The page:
W.W.II British Airborne Weapon & Equipment Set
This is a very comprehensive accessory set for British WWII Airborne vehicles or dioramas. The parts are well molded, and have very good detail. There are many very small parts that will require care to assemble, but will result in nice accessories.
The kit includes a Welbike that can be assembled unfolded or folded for transport, a Welbike container that can be either open or closed, a collapsible trolley cart, BSA military bicycle that can be assembled either unfolded or folded, No. 18 Wireless Radio, various weapons, pigeon container, PIAT, several PIAT ammo containers, wicker pannier, airborne helmets, airborne rucksack, and type B airborne container.
The weapons include Sten MK IVs, PIAT gun and ammo, Webley revolvers, Lee Enfield rifles, and Bren guns.
The kid comes on 25 gray plastic sprues, with duplicates of several of the sprues for multiple pieces. The kit also includes a small fret of photoetch details with very fine detail for the bike spokes, and a small sheet of decals.
Instructions come on a 5 3/4 by 8 1/4 color booklet. The instructions include a color rendering of the kit pieces, list of colors for Mr. Hobby, Hobby Color, Humbrol, and Tamiya paints, and a layout of the sprues. Assembly of the various pieces is shown in exploded drawings. The photoetch parts and parts to be removed are shown in different colors, which is very helpful. Icons for assembly instructions are also shown in color. There are color illustrations for the painting and decal placement guides.
Assembly begins with the Welbike, with options to be folded for transport or unfolded for use. The Welbike was a British single-seat motorcycle produced during World War II. Between 1942 and 1943, 3,641 were built and used by the British Airborne Divisions, with some used at Arnhem during Operation Market Garden.
I decided to do the unfolded Welbike version. The Welbike has over 50 pieces for a very little assembly, including photoetch, and also requires some stretched sprue. Assembly begins with the engine and, unfortunately, I could not find the second half of the cylinder part A8. Looking online, I found that the early Bronco kits contained mis-cast parts, which Bronco will replace. The parts are corrected in kits produced later.
The wire spokes for the wheels are photoetch and need to be just slightly bent to fit between the two tire halves. On the first wheel I first glued the spokes to the center hub, part A10, and then pressed them into the tire. This didn't work very well, so for the second wheel I glued the spokes to the tires first, and then compressed them to fit in the sprocket A9. It would be nice if there was a jig to shape the spokes like there is for the bicycle wheels.
The location of the engine in the frame is a little unclear so I used the chain assembly P7 to get it located correctly with the rear tire. There are three microscopically small photoetch pieces, P1, P2, and P10 that need to be folded, fastened together somehow, and fit around the seat post. I did not even attempt to try and fasten them together because of their small size, but bent a piece of 28 ga. wire into a U-shape and substituted that. Steps 4 and 5 show stretched sprue being used for the various control cables and fuel lines.
The next pieces to be assembled are for the Welbike container, which can be built in an open or closed position. I decided to use the open position. Note that in step 6, parts 45 and 46 are only to be used if the container is in a closed position.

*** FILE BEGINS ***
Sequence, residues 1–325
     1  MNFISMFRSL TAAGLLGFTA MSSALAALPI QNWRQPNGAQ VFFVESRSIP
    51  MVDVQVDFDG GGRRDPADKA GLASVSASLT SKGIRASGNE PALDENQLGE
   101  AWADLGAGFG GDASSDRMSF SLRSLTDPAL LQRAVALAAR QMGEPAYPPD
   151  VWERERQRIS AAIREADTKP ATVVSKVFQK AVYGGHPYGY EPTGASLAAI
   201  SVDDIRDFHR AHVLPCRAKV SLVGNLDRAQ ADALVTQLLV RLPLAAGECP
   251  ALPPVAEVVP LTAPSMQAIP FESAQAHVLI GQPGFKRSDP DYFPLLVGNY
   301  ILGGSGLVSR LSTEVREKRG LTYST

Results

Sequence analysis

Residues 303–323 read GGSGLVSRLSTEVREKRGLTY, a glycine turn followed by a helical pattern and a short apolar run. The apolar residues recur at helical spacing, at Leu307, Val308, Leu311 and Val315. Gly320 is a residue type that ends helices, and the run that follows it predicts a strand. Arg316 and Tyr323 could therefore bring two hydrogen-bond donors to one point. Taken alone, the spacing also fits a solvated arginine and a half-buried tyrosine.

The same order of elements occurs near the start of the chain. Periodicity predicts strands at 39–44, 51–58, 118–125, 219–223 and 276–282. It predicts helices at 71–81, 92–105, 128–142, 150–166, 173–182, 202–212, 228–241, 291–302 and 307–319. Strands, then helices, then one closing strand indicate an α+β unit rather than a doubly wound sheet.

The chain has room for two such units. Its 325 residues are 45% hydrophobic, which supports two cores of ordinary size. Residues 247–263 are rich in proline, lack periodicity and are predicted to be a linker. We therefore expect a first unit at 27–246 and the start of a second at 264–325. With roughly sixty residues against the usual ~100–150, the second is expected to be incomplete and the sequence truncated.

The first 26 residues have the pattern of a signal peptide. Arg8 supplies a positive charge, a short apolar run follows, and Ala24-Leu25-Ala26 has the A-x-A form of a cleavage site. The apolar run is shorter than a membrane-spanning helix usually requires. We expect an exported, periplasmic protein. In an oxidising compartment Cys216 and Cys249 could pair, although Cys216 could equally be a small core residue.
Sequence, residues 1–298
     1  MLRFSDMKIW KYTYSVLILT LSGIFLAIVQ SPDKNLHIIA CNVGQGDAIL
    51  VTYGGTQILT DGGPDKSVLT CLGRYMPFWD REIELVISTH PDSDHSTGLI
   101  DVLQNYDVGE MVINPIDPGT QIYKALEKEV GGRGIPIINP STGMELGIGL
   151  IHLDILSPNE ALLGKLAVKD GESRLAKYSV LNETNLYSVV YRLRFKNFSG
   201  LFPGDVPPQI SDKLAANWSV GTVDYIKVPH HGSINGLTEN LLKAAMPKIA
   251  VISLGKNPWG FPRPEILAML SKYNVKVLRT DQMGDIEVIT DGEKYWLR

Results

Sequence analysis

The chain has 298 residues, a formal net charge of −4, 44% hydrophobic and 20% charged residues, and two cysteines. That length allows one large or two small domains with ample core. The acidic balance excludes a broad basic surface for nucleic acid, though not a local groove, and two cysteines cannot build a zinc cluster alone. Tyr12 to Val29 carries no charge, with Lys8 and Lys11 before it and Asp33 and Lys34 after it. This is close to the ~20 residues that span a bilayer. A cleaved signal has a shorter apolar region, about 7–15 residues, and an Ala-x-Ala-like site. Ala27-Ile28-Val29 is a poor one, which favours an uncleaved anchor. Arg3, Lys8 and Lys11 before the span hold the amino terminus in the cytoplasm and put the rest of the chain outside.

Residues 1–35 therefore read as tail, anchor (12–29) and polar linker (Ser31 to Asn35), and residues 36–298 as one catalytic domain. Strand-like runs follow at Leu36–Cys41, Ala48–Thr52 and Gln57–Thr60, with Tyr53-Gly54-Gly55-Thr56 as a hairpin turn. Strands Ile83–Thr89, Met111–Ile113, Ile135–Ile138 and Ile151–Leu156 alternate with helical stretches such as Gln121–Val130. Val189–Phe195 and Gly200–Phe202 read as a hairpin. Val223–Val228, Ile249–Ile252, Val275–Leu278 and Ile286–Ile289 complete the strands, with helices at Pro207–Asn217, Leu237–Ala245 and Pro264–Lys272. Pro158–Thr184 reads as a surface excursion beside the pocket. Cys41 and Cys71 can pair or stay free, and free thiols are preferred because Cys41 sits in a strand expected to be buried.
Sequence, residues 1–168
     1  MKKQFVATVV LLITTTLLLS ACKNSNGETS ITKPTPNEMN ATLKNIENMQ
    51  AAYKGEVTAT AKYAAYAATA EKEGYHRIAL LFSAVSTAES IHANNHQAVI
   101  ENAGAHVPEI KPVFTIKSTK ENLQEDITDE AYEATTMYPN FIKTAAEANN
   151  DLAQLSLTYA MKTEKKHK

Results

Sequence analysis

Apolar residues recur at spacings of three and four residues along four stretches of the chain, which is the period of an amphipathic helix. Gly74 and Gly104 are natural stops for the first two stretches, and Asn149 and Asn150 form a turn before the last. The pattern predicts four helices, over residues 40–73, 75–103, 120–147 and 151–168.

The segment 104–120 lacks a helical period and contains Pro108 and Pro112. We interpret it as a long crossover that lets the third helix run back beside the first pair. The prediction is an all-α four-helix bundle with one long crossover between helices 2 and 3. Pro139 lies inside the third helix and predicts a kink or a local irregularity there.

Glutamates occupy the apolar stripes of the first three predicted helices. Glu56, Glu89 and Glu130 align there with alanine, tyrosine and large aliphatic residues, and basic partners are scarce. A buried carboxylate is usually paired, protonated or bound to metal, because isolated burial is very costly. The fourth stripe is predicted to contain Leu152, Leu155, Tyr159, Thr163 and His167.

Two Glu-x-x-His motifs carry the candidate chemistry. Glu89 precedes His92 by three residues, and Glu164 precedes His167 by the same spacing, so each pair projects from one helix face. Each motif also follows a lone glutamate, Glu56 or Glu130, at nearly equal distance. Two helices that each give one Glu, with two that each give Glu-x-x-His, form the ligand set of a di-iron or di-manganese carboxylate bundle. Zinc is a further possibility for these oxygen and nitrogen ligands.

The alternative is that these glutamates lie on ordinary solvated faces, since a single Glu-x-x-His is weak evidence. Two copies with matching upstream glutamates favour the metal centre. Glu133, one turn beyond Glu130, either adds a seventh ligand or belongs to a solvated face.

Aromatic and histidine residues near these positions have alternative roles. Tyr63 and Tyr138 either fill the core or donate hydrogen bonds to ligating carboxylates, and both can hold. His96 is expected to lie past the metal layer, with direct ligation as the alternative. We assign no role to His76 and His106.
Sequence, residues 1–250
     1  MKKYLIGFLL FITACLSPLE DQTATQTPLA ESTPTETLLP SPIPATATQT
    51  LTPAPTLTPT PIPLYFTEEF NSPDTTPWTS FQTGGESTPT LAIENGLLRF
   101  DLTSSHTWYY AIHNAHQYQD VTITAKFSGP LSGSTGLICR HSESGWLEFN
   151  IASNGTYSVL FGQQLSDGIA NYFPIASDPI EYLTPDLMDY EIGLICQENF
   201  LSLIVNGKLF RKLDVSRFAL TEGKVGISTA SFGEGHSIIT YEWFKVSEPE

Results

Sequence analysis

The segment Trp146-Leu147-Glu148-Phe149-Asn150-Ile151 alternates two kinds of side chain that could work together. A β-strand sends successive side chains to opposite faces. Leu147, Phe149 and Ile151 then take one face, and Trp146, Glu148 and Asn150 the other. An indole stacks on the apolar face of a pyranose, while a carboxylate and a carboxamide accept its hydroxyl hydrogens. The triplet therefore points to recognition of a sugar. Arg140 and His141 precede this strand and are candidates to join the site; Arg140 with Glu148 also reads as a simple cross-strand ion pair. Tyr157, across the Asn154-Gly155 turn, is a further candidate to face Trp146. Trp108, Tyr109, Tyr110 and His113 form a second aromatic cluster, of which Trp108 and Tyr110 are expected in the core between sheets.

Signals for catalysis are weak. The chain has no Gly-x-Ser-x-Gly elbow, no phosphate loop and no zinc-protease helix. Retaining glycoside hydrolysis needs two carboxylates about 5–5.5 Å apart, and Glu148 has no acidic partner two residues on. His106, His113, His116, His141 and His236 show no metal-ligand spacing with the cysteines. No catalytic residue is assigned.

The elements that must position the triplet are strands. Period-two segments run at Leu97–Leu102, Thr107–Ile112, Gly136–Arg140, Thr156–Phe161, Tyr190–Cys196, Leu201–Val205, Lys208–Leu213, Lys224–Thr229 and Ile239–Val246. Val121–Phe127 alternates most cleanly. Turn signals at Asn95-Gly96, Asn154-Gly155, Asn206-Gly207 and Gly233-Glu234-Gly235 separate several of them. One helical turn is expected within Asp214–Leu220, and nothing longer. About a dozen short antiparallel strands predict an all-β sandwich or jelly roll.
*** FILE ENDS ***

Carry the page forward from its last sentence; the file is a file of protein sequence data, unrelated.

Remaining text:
The third assembly is the collapsible trolley, which goes together very well, and is nicely molded.
British Airborne carried the folding BSA military bicycle as they parachuted during WWII. The kit has plastic and photoetch options for the spokes on the wheels. I used the plastic option on the rear wheel and the photoetch option on the front wheels. The photoetch is obviously much thinner and closer to scale thickness. Make sure to align the valve stems on each side of the wheel to correctly align the spokes. The bicycle can be modeled either folded up for airborne drops or unfolded for use. I decided to use the unfolded version. The bike frame elements are very thin and nicely cast. There are also plastic and photoetch options for the bicycle chain. I used the plastic option, as the photoetch chain appeared unrealistically thin. Photoetch brake levers are also included, and stretched sprue is to be used for the brake cables. There are two parts P 25 and 26 that are not identified, but are multipurpose tools to be used with the bicycle. There is also a scooter on the sprue for the bicycle parts, which is fairly simplistic in it's molding, but it is another part for a diorama setting.
The No. 18 Wireless Radio is a very nicely detailed little assembly. There is an option for the front cover to be open or closed. The face of the radio has nice detail, and photoetch pieces add nice detail to the back of the radio case. The headset assembly is very nicely detailed. Color illustrations are provided for painting the radio.
Three sprues of weapons are provided and they are all nicely detailed. The PIAT Anti-Tank Weapon is a fiddly little assembly for the photoetch mortar tube. The PIAT can be assembled in a firing position with the sights up and a mortar round in the tube, or closed up for transport.
Other miscellaneous pieces include a PLAT ammo container, wicker pannier, pigeon & container, airborne helmets, and airborne rucksack. The rucksack is nicely detailed with separate straps and inside face. Also included are 4 Type E Airborne Containers.
In summary this is a very good collection of accessories for British models or dioramas. The Welbike and BSA Bicycle require experience with small parts, photoetch, and stretched sprue, but will build into nice accessories.
Thanks to Dragon USA for providing the review sample and to IPMS for the opportunity to review this kit.